Many people are interested in weird, quirky or unusual lines of research. During the course of my writing for this blog, I myself have begun to wonder not only just where the tradition of giving and receiving wedding rings came from, but when and even why such activities began as well.
Many people in America take for granted that a wedding band is worn by both men and women on their left ring fingers. The reason that both engagement and wedding rings are worn on the fourth finger of the left hand has been accredited to the ancient Egyptians, who thought that the "vein” or “artery” of Love ran from said digit directly to the heart. Though there is little evidence to support any claims that the ancient Egyptians actually wore wedding rings or otherwise incorporated them into their marriage ceremonies themselves, anthropologists and cultural historians have managed to tie this ancient Pagan belief to the first incorporation of wedding bands in marriage ceremonies between ancient Judean peoples who had settled in the Upper Kingdom of the ancient Nile River delta some four thousand years ago. Surprisingly, there is only one other parallel to this custom in the entire world which has not sprung from this early monotheistic ceremony. In both ancient and modern India, as well as other countries and regions where Hinduism is commonly practiced, a wedding toe-ring or “bichiya” (as well as an assortment of other wedding jewelry) is often worn by married women!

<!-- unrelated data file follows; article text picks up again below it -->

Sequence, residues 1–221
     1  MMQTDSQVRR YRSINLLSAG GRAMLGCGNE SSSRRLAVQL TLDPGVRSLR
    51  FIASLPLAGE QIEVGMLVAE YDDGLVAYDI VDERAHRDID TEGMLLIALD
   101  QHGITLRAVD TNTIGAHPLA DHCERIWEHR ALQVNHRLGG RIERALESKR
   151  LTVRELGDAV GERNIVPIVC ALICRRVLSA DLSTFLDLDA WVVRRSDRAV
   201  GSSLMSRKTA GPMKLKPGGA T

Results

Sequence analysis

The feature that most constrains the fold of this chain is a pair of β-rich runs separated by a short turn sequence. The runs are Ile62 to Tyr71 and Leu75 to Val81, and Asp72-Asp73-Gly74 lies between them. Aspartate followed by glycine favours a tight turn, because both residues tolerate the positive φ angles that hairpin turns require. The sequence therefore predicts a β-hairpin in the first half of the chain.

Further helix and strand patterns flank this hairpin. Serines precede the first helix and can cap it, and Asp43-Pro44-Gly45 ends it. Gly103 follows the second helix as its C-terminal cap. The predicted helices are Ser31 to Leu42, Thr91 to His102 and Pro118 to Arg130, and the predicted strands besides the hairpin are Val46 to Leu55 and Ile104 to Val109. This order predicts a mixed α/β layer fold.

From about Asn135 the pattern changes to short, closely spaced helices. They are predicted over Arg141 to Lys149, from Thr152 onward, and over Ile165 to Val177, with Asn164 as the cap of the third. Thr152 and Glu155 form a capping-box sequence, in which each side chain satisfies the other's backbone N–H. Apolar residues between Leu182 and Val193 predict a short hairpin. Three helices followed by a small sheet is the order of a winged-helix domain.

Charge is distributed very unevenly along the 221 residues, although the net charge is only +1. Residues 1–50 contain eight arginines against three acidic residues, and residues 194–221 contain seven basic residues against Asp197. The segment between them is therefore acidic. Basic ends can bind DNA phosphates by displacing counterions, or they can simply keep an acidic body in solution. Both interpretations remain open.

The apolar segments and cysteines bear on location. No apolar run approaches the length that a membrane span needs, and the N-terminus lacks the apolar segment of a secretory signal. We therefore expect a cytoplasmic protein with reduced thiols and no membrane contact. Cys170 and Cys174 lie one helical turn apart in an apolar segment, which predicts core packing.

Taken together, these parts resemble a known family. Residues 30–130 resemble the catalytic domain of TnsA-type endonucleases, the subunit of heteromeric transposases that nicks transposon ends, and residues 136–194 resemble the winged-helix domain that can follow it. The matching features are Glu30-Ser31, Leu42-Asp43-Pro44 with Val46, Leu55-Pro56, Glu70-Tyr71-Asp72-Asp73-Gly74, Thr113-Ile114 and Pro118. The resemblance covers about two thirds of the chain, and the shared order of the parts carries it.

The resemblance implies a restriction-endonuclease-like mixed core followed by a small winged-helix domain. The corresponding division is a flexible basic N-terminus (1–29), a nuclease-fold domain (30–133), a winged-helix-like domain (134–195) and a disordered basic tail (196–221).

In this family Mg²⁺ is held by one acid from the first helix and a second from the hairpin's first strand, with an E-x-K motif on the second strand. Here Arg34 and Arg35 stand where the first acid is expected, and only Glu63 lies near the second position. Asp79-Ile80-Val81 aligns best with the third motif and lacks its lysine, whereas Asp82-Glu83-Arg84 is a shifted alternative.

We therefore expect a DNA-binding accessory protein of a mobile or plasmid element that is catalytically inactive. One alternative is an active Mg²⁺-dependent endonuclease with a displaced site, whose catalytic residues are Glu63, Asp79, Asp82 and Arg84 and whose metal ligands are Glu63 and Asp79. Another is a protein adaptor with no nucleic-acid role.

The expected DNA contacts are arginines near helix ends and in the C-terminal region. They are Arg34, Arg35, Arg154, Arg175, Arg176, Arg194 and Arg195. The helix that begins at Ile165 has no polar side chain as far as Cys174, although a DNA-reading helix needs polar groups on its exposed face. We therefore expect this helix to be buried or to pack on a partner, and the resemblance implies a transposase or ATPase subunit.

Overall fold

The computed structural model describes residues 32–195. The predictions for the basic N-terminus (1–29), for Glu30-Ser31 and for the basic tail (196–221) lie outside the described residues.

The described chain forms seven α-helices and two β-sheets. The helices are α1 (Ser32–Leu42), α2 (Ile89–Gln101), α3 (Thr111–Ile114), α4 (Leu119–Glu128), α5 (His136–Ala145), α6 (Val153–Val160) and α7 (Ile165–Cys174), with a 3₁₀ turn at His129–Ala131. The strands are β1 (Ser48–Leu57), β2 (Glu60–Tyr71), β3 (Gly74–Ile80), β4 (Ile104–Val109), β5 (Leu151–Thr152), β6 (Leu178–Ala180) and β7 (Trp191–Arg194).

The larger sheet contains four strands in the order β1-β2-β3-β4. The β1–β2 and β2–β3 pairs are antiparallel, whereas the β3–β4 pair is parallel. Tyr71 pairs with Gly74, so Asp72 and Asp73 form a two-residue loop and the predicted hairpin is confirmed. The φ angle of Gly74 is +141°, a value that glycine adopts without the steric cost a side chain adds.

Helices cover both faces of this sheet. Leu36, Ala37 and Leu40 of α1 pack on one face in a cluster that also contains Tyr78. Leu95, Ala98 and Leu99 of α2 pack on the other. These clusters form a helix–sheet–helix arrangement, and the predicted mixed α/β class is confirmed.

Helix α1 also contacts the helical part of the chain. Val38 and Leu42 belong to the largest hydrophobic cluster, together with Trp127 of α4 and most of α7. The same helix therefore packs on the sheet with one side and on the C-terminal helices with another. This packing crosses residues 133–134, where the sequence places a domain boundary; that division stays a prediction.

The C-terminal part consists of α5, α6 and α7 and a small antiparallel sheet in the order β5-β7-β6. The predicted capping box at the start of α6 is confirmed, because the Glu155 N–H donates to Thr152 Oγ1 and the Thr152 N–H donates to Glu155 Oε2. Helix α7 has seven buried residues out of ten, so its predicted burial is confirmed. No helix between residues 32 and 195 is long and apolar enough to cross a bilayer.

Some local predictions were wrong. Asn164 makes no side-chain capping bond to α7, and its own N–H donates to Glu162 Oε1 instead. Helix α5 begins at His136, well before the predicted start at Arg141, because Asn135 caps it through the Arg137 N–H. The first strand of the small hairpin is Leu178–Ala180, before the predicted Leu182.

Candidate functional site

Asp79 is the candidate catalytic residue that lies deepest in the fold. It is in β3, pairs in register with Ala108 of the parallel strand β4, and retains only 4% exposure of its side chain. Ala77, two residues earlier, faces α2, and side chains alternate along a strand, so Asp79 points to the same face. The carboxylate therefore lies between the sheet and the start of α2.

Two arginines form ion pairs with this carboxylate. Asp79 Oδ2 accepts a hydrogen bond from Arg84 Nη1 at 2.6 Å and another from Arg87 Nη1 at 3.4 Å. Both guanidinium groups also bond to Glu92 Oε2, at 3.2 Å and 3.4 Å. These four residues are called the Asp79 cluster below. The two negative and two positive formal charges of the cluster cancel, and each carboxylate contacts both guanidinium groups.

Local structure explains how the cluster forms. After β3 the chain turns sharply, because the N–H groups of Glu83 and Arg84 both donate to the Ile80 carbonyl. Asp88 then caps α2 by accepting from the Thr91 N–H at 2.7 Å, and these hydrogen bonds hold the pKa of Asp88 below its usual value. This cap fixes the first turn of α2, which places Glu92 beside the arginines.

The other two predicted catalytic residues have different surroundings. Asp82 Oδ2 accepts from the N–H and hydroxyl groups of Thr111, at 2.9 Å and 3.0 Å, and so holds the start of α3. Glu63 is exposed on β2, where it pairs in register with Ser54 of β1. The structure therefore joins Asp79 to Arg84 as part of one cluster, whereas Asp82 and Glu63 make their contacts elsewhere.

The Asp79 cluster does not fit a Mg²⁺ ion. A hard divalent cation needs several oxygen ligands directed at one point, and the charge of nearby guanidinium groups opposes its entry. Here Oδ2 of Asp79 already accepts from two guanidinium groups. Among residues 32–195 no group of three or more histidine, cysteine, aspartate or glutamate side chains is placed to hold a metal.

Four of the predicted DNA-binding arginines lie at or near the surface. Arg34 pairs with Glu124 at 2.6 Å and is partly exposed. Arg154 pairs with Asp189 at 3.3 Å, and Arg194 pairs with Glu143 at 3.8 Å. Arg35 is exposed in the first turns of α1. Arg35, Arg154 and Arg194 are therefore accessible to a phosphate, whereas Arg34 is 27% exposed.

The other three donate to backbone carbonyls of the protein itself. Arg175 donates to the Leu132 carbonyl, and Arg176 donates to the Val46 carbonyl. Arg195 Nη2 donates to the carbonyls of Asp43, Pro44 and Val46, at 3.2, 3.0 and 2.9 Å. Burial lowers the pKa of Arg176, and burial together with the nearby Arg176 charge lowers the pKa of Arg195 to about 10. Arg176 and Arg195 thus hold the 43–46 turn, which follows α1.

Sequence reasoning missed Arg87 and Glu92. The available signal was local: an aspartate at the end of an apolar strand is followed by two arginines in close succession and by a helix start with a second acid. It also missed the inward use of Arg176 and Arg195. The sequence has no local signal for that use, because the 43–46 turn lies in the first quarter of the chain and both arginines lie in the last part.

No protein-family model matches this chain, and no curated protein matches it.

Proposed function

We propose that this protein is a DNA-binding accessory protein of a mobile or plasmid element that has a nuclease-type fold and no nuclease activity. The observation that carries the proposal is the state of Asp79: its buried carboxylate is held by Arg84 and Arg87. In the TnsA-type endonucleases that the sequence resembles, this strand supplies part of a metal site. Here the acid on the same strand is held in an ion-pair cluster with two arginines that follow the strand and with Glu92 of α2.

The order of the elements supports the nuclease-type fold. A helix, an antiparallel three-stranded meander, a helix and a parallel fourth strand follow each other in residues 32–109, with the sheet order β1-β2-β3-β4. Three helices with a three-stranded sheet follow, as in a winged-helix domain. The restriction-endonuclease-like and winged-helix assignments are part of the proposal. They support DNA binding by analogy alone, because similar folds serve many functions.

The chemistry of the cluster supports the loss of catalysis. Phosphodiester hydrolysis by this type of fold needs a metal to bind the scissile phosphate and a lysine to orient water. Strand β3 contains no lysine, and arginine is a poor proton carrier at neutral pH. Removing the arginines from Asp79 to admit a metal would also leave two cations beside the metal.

The left ring finger, however, is not the sole province of the wedding band. Wedding rings are often worn on the right hand. One reason wedding rings are worn on the right hand stems from ancient Roman customs. The Latin word for “direction left” was "sinister". Now who in their right mind would allow for such a precious time as a wedding day to be ruined by something sinister? Hence why the right hand, which was often seen as the hand of nobility and truth in the ancient Roman world, became the favored place to display one’s love with a wedding ring. In many modern countries and cultures, such as Germany, Norway, Columbia, Mexico, Peru, Poland, Russia and the Ukraine (to name only a varied few), wedding rings are often worn on the right hand. Jewish women often wear wedding rings on their left hands, though it is worn on the right hand during the marriage ceremony itself. Men of the Hebrew faith do not traditionally wear wedding bands, although in some countries the practice has gained a great deal of traction. Many Greek Orthodox Christians wear wedding rings on the right hand as well, so as to be keeping with Greek tradition.
In some nations different religions will wear wedding rings on different hands. For example, in the Netherlands, Catholics wear wedding rings on the left hand whilst Protestants wear them on their right. In Austria that same practiced is reversed! In Danish speaking countries, the choice of hand depends on the region of the country.